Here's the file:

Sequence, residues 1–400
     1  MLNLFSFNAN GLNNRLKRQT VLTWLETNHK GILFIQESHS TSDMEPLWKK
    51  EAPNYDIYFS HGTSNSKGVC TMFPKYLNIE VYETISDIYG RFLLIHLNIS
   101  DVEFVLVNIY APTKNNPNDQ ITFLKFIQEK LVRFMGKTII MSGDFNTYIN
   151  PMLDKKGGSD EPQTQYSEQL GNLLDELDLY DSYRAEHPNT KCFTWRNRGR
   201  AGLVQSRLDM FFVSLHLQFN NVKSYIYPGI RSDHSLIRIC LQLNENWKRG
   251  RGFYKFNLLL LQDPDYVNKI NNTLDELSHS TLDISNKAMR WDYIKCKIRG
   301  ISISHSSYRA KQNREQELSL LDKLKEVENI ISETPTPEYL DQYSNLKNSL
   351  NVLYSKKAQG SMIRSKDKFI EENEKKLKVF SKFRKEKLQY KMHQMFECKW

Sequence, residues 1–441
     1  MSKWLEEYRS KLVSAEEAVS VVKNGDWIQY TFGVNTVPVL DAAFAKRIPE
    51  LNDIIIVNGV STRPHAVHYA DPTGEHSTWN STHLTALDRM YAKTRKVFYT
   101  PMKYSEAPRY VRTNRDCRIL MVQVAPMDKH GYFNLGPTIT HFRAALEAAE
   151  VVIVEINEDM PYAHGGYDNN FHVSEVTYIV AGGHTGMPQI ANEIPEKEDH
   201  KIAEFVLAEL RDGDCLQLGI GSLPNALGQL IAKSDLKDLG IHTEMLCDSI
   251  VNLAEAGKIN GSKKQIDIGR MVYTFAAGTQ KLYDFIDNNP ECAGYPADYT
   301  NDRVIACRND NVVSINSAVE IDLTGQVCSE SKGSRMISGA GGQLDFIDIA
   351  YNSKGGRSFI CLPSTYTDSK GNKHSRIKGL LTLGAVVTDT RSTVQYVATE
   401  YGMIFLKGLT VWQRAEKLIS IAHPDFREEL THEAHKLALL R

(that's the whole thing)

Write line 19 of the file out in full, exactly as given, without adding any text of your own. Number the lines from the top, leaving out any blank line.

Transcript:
   401  YGMIFLKGLT VWQRAEKLIS IAHPDFREEL THEAHKLALL R